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Publication numberUS3313376 A
Publication typeGrant
Publication dateApr 11, 1967
Filing dateSep 1, 1965
Priority dateSep 1, 1965
Publication numberUS 3313376 A, US 3313376A, US-A-3313376, US3313376 A, US3313376A
InventorsSr Warren L Holland
Original AssigneeSr Warren L Holland
Export CitationBiBTeX, EndNote, RefMan
External Links: USPTO, USPTO Assignment, Espacenet
Lightweight elevator
US 3313376 A
Abstract  available in
Images(5)
Previous page
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Claims  available in
Description  (OCR text may contain errors)

AM H, 1967 w. L. HQLLAND, SR www@ LIGHTWEIGHT ELEVATOR I Filed Sept- 1. 1965 5 Sheets-Sheet 1 INV ENTOR ATTORNEYS W. L. HOLLAND, @R

LIGHTWEIGHT ELEVATOR 5 Sheets-Sheet 2 Filed Seplt. l, 1965 pwll M, E67 w. a.. HOLLAND. SR

LIGHTWEIGHT ELEVATOR 5 Sheetsheet 3 Filed Sept. l, 1965 Hllll INVENTOR WQEQQEN L. Mmmm,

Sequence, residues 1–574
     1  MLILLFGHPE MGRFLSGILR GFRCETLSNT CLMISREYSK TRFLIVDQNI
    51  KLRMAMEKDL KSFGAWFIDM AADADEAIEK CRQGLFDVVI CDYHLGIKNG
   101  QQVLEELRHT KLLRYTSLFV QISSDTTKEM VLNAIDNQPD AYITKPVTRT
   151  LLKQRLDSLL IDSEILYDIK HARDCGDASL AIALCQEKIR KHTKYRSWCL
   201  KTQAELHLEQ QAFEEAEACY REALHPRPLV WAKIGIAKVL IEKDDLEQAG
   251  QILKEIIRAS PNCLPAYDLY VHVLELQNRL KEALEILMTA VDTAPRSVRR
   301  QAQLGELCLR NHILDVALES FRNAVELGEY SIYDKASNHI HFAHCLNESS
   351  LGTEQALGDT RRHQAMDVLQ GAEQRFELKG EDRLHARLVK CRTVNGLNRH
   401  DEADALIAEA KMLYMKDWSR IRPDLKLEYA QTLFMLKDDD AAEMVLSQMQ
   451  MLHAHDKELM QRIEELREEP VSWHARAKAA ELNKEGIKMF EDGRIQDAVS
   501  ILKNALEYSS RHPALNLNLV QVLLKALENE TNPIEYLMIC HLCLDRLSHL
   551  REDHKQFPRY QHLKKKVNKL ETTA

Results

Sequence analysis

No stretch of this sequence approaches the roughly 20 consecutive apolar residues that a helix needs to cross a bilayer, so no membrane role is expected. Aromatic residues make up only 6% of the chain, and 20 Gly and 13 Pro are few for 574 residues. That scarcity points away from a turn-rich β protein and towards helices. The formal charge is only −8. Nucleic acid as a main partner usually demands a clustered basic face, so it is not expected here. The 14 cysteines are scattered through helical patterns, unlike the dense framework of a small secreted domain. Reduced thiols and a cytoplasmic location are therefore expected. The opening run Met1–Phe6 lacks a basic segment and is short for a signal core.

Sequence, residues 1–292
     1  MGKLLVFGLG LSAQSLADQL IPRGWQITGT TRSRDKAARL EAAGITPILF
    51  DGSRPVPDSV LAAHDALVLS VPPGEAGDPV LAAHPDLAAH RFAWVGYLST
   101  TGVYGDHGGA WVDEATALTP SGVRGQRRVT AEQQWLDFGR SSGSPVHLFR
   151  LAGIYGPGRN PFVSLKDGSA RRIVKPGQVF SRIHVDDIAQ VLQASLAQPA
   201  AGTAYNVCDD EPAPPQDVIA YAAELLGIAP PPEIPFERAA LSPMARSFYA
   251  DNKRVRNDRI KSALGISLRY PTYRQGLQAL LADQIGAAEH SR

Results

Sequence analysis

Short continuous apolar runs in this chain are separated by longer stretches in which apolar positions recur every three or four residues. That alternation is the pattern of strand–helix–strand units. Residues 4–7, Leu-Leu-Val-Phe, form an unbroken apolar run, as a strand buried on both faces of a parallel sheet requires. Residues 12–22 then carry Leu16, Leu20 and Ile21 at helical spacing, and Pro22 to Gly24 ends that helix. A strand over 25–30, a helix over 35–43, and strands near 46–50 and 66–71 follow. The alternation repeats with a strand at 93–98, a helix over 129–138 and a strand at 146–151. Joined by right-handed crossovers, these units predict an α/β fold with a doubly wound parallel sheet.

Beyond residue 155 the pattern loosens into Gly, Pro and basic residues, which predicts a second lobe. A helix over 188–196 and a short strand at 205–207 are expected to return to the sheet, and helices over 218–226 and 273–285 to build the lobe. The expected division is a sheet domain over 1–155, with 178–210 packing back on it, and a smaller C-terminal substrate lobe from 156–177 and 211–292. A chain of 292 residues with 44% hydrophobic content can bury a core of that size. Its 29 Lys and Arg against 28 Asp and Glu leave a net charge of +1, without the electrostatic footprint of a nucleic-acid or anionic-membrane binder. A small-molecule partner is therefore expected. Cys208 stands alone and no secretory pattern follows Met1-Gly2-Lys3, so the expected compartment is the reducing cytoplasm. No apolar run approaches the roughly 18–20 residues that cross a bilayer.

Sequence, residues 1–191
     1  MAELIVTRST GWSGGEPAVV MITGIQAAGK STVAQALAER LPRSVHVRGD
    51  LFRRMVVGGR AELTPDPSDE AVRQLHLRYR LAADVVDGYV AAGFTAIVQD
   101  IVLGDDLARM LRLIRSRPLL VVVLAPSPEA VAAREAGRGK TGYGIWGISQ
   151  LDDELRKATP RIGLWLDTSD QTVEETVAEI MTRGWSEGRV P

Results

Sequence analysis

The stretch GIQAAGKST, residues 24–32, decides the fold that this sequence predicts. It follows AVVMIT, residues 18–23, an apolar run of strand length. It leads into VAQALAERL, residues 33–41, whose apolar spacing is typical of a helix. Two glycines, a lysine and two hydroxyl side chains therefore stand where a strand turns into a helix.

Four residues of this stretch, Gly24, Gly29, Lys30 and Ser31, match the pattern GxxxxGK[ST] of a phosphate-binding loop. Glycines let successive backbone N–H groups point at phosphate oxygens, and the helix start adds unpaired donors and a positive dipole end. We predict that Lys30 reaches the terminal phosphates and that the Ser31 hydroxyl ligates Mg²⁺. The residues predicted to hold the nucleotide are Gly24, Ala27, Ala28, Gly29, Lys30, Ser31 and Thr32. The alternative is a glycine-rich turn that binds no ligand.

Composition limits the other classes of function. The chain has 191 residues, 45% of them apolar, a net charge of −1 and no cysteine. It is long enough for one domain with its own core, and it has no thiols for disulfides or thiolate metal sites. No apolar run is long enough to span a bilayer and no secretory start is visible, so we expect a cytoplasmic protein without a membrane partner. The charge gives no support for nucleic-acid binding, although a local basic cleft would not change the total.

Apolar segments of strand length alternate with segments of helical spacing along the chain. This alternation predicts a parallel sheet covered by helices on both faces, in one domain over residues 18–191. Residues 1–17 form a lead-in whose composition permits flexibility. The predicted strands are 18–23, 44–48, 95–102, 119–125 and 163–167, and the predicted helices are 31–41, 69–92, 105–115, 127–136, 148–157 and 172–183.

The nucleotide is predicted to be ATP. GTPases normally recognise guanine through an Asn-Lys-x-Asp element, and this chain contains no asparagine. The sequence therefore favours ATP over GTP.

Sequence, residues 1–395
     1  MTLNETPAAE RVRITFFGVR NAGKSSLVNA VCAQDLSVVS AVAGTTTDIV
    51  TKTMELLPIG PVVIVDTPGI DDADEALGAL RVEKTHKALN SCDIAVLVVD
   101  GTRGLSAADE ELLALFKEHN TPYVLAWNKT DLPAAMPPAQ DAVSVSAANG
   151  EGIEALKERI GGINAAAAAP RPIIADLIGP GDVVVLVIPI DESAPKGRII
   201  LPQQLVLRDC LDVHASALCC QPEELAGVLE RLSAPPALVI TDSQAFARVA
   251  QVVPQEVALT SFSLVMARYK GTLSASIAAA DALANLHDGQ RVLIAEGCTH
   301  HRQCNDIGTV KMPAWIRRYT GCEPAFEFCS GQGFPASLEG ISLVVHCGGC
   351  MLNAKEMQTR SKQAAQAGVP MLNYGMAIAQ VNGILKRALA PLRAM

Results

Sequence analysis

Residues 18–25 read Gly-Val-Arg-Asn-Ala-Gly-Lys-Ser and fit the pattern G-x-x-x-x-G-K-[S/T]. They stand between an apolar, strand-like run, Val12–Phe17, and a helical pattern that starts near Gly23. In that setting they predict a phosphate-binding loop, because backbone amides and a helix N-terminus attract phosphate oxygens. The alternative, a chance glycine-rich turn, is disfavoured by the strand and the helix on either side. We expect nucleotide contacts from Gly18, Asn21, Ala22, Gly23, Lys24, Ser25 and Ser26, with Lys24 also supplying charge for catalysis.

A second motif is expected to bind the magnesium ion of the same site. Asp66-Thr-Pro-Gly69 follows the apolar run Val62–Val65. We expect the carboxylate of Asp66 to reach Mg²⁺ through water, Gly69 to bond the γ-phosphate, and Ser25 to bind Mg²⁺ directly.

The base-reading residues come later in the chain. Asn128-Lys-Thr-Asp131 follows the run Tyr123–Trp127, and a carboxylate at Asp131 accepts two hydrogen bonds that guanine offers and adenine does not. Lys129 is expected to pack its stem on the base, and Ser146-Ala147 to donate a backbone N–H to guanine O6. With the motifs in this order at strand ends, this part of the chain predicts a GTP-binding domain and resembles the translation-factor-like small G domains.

Daum we@ BY i? Waso'm, 'EMMQQQJ ATTORNEYS M, W. L. HOLLAND, SR 393397@ LIGHTWEIGHT ELEVATOR Filed Sept. 1. 1965 5 Sheets-Sheet 4 INVENTOR WARREN L. oLmNmS.

ATTORNEYS L. HQLLANQ, s@ 3:33337@ LIGHTWEIGHT ELEVATOR Filed Sept. l, 3.965

INVENTOR 3,313,376 LIGHTWEIGHT ELEVATOR Warren L Holland, Sr., 555 Mount Vernon Ave., Portsmouth, Va. 23707 Filed Sept. 1, 1965, Ser. No. 489,782 7 Claims. (Cl. IS7- 2) This invention relates in general to lightweight elevators and more particularly to elevators adapted to be used for lifting building materials up scaffolding at construction sites and is a continuation-impart of my earlier application Ser. No. 438,885, tiled Mar. ll, 1965.